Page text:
The Abbey brewery: a dream come true
Our Abbey brewery has been open for over six months now. Which means it’s the perfect time for a chat with the brewery’s driving force Joris Brams, who encouraged our priests to brew beer on the abbey site again. “A brewery in Park Abbey: that was my dream.”
The story of the Braxatorium Parcensis brewery is partly the life story of Joris Brams (51). “Park Abbey has a special place in my heart. My parents’ house used to be next to the abbey. My father drove me to school here - it was a shortcut to St. Peter’s College,” he recalls.
Joris refers to times when the abbey was abandoned. “This might make me sound very old, but we could skate on the ponds almost every winter in those days,” Joris says with a laugh. “I also got up to a lot of mischief here in every building I could get into. That’s how I know the abbey like the back of my hand. I sometimes know the way better than the grounds manager!”
After his studies, Joris left Leuven. As an industrial engineer, he opted for an adventure across the Channel, but fifteen years later, he returned to his roots. “My father fell ill and passed away shortly after. He absolutely wanted to be buried in the abbey’s cemetery. That’s how we ended up coming here more often.”
At the time, Joris was the director of a company that makes cider and beer. “My managers asked me to do something with Belgian beer. At that time, I put forward the idea of brewing low-alcohol abbey lager. After a mass, I talked about it with Abbot Swarte and Jos Wouters, who would later be Abbot General of the Norbertine order,” Joris explains.
Joris’ lobbying activities led to the Heverlee beer. “A delicious lager from the Martens brewery, the oldest family brewery in the country. We started working with maize from the vicinity of the abbey to make this beer. We shipped the result to the United Kingdom, where the beer is very popular.”
The Norbertine priests have been able to support many charities with the proceeds from the Heverlee beer. They have also invested in the cooperative “Braxatorium Parcensis” (Bra-Pa). This is the abbey brewery, which has been operational since September 2019 in the guest quarters of our abbey.
Braxatorium Parcensis is unique because it is a reconstruction of the historic brewery. “It was sold as scrap metal after the French Revolution. We still have documents of that in our archive,” Joris notes. “It was my dream to restore history. Bra-Pa is now at exactly the same place where the brewery stood hundreds of years ago. Upstream, at the first mill.”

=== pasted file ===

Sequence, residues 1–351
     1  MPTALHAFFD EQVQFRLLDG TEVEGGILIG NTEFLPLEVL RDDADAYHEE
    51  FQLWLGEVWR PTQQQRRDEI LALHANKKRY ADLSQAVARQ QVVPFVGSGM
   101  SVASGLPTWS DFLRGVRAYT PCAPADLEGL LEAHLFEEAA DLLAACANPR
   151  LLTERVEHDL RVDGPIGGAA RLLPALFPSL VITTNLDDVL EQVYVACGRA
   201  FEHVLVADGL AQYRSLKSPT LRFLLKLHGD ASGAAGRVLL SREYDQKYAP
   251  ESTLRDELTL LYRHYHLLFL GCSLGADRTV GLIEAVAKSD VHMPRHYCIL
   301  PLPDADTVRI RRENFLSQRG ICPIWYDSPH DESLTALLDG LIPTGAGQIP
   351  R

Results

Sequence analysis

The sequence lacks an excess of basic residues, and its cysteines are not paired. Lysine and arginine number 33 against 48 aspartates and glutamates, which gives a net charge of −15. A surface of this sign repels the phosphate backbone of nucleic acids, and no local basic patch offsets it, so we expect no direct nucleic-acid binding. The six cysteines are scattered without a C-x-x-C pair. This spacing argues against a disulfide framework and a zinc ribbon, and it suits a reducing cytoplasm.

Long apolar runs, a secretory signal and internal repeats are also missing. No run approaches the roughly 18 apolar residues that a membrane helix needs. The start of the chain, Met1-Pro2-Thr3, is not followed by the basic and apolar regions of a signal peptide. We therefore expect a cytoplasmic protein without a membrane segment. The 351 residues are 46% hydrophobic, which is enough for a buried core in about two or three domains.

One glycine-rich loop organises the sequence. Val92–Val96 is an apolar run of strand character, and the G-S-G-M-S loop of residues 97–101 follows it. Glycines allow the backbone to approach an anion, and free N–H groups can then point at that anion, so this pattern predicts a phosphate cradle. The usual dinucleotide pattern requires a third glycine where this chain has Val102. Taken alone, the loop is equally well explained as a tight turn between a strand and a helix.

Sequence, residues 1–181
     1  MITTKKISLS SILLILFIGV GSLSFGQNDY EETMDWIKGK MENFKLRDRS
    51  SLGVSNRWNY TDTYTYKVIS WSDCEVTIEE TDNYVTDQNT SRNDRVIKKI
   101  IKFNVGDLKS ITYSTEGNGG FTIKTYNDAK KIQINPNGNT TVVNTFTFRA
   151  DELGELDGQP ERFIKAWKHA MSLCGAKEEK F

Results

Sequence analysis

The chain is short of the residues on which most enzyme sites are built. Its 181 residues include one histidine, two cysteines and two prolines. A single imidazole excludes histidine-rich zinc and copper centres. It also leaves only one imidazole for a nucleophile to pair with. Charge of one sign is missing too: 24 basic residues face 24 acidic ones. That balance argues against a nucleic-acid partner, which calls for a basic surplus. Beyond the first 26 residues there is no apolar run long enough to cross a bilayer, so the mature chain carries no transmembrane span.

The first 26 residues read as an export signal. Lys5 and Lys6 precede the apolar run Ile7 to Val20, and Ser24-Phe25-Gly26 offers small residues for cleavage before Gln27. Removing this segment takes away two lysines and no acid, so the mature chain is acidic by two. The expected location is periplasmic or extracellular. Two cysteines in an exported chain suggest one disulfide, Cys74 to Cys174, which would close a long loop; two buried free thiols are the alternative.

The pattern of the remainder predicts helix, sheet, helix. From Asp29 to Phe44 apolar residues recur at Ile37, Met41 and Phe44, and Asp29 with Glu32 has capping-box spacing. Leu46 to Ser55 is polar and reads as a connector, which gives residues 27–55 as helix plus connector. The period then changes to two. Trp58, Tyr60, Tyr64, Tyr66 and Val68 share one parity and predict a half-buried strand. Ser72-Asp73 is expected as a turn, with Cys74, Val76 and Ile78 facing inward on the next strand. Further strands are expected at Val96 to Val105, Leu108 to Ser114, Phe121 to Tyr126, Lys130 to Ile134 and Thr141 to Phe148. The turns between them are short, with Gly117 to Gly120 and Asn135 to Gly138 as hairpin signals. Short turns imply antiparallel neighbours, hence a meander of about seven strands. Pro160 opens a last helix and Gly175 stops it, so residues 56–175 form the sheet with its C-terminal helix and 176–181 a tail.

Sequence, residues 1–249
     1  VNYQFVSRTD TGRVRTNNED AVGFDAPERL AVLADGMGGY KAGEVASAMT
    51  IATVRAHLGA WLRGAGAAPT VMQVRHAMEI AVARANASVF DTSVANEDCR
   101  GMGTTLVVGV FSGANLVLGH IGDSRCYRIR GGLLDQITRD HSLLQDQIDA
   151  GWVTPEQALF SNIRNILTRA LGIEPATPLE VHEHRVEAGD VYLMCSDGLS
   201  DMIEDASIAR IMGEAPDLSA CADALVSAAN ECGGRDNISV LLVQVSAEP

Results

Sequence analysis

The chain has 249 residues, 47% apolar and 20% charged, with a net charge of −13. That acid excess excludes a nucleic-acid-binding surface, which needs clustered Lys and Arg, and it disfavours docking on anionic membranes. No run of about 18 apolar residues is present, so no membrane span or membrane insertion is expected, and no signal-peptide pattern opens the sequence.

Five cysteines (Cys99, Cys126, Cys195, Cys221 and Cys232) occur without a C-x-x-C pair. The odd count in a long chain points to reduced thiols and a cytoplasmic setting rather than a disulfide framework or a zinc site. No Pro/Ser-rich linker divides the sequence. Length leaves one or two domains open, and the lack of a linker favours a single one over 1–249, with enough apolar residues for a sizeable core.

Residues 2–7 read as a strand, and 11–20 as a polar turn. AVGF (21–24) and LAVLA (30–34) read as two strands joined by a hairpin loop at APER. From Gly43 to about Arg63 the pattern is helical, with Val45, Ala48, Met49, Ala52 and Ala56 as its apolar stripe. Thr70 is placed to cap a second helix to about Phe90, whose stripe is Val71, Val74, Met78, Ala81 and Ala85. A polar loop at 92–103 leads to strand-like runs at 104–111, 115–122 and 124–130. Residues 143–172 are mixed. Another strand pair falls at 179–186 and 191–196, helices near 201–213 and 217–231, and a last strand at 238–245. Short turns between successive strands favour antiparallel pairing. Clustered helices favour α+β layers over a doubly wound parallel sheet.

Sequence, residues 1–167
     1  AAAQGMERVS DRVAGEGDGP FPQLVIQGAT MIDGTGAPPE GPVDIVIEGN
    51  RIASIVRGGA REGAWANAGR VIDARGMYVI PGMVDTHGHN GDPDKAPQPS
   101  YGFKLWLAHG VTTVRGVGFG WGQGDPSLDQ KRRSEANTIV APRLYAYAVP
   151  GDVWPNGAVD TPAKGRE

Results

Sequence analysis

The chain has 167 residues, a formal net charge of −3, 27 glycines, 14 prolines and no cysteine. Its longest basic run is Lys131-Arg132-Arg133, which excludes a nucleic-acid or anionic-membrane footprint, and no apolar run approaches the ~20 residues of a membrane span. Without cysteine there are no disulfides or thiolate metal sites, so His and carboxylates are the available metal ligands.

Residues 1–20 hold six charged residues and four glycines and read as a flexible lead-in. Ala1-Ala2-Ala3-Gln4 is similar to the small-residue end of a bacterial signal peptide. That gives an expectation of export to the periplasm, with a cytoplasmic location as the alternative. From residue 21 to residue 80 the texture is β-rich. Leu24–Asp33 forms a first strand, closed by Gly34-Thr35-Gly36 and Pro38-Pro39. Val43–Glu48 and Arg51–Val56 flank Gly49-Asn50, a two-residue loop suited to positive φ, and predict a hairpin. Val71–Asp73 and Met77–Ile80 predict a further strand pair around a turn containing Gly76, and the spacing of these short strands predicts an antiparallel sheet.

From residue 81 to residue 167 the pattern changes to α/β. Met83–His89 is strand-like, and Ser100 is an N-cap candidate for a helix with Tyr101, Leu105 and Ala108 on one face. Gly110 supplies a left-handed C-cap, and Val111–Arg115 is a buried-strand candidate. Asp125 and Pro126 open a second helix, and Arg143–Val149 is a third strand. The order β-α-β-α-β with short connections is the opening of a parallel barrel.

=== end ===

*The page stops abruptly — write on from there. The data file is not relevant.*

Construction was not easy. “This space was dilapidated, there was no floor in it and light came in through the roof, so we had to wait for the restoration. Then we had the incredible fortune that Gert Chapelle wanted to get involved. He has achieved the impossible with his company. Because this is a heritage site, we were not allowed to build a fire or to do any welding. And we only have one door, 1 m 37 cm wide. Bringing the brewing boilers into the building had to be done with precision to the millimetre!”
There is also no chimney in the room. “That is why we built an innovative condensation drying cabinet. We also focus on zero emissions: our electricity comes from wind and the sun, the water comes from the water supply under the abbey ponds, etc. We also work in a circular way: all of the draff (grain remnants, ed.) goes to the abbey’s cows,” Joris explains.
Libertus and Quirinus
The Bra-Pa brews refer to historical figures. “Libertus refers to Libertus de Paepe, who made the abbey flourish in the 17th century. Soon we will also make an abbey triple in honour of Saint Quirinus of Neuss. The abbey has a relic of this patron saint.”
Each beer has a number and its own style. “We work with seasonal crops, such as organic grain from BoerEnCompagnie, or beetroot from the vegetable garden. Libertus 1 was an amber-coloured beer, 6.5%, while Libertus 2 was more of a Duvel type. Libertus 4, with beetroot, will be a little more subtle again.”
In the Abbey shop and online
Bra-Pa would normally participate in the Leuven Beer Weekends in April, but they were postponed due to the coronavirus crisis. “That gives us time to think about Libertus 5. It will be a fruitier beer with summer ingredients. Something to look forward to after the lockdown,” Joris concludes.